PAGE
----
A new technique developed by UCLA geologists that uses artificial intelligence to better predict where and why landslides may occur could bolster efforts to protect lives and property in some of the world’s most disaster-prone areas.
The new method, described in a paper published in the journal Communications Earth & Environment, improves the accuracy and interpretability of AI-based machine-learning techniques, requires far less computing power and is more broadly applicable than traditional predictive models.
The approach would be particularly valuable in places like California, the researchers say, where drought, wildfires and earthquakes create the perfect recipe for landslide disasters and where the situation is to expected to get worse as climate change brings stronger and wetter storms.
Many factors influence where a landslide will occur, including the shape of the terrain, its slope and drainage areas, the material properties of soil and bedrock, and environmental conditions like climate, rainfall, hydrology and ground motion resulting from earthquakes. With so many variables, predicting when and where a chunk of earth is likely to lose its grip is as much an art as a science.
Geologists have traditionally estimated an area’s landslide risk by incorporating these factors into physical and statistical models. With enough data, such models can achieve reasonably accurate predictions, but physical models are time- and resource-intensive and can’t be applied over broad areas, while statistical models give little insight into how they assess various risk factors to arrive at their predictions.
Using artificial intelligence to predict landslides
In recent years, researchers have trained AI machine-learning models known as deep neural networks, or DNNs, to predict landslides. When fed reams of landslide-related variables and historical landslide information, these large, interconnected networks of algorithms can very quickly process and “learn” from this data to make highly accurate predictions.
Yet despite their advantages in processing time and learning power, as with statistical models, DNNs do not “show their work,” making it difficult for researchers to interpret their predictions and to know which causative factors to target in attempting to prevent possible landslides in the future.
“DNNs will deliver a percentage likelihood of a landslide that may be accurate, but we are unable to figure out why and which specific variables were most important in causing the landslide,” said Kevin Shao, a doctoral student in Earth, planetary and space sciences and co–first author of the journal paper.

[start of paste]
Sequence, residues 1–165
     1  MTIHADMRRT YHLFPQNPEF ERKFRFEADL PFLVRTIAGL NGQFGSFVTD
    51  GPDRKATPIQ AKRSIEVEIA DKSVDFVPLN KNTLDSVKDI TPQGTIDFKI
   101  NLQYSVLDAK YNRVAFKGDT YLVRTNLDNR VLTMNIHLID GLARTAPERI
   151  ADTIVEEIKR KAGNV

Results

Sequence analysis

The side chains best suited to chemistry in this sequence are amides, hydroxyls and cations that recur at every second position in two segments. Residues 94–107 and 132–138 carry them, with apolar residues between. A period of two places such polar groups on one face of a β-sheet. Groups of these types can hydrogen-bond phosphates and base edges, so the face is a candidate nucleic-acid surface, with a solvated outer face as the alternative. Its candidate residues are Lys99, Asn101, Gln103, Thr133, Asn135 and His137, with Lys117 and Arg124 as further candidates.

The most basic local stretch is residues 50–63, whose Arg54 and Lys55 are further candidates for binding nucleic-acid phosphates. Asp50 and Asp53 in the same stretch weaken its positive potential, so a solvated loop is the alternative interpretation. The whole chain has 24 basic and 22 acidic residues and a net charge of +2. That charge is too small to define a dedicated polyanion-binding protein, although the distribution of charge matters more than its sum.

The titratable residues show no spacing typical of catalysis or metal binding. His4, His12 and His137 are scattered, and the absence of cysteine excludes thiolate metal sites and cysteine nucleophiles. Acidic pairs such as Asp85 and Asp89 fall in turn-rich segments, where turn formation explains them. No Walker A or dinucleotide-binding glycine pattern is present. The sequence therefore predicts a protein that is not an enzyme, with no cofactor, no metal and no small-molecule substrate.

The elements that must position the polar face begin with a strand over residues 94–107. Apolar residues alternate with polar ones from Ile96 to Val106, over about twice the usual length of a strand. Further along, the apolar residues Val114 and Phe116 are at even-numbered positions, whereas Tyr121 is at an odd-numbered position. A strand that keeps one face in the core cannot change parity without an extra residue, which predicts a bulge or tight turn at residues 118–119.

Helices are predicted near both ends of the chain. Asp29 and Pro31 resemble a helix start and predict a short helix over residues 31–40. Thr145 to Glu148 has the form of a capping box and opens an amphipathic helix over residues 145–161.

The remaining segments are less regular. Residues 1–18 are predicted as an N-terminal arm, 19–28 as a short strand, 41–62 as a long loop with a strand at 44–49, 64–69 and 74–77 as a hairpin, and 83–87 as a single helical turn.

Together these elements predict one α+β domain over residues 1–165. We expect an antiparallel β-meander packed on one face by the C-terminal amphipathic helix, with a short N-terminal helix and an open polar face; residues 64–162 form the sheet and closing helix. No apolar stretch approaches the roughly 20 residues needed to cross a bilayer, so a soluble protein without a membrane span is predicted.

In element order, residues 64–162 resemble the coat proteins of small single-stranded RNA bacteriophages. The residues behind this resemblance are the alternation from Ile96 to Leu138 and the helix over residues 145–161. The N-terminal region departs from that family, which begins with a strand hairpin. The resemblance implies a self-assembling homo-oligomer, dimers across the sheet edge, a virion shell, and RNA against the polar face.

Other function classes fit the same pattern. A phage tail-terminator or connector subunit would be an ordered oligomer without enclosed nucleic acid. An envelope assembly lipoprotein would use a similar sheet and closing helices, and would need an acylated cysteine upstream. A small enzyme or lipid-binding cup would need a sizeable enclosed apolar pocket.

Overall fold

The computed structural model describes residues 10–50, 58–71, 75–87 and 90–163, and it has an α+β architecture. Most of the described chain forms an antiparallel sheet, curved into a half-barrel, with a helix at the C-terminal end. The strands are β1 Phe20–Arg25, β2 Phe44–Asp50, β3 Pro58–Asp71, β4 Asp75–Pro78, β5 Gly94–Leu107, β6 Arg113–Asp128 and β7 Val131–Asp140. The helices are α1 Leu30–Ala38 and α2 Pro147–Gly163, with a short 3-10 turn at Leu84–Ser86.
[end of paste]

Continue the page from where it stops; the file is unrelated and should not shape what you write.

The problem, said co–first author Khalid Youssef, a former student of biomedical engineering and postdoctoral researcher at UCLA, is that the various network layers of DNNs constantly feed into one another during the learning process, and untangling their analysis is impossible. The UCLA researchers’ new method aimed to address that.
“We sought to enable a clear separation of the results from the different data inputs, which would make the analysis far more useful in determining which factors are the most important contributors to natural disasters,” he said.
Youssef and Shao teamed with co–corresponding authors Seulgi Moon, a UCLA associate professor of Earth, planetary and space sciences, and Louis Bouchard, a UCLA professor of chemistry and bioengineering, to develop an approach that could decouple the analytic power of DNNs from their complex adaptive nature in order to deliver more actionable results.
Their method uses a type of AI called a superposable neural network, or SNN, in which the different layers of the network run alongside each other — retaining the ability to assess the complex relationships between data inputs and output results — but only converging at the very end to yield the prediction.
The researchers fed the SNN data about 15 geospatial and climatic variables relevant to the eastern Himalaya mountains. The region was selected because the majority of human losses due to landslides occur in Asia, with a substantial portion in the Himalayas. The SNN model was able to predict landslide susceptibility for Himalayan areas with an accuracy rivaling that of DNNs, but most importantly, the researchers could tease apart the variables to see which ones played bigger roles in producing the results.
“Similar to how autopsies are required to determine the cause of death, identifying the exact trigger for a landslide will always require field measurements and historical records of soil, hydrologic and climate conditions, such as rainfall amount and intensity, which can be hard to obtain in remote places like the Himalayas,” Moon said. “Nonetheless, our new AI prediction model can identify key variables and quantify their contributions to landslide susceptibility.”
The researchers’ new AI program also requires far fewer computer resources than DNNs and can run effectively with relatively little computing power.
“The SNN is so small it can run on an Apple Watch, as opposed to DNNs, which require powerful computer servers to train,” Bouchard said.
The team plans to extend their work to other landslide-prone regions of the world. In California, for example, where landslide risk is exacerbated by frequent wildfires and earthquakes, and in similar areas, the new system may help develop early warning systems that account for a multitude of signals and predict a range of other surface hazards, including floods.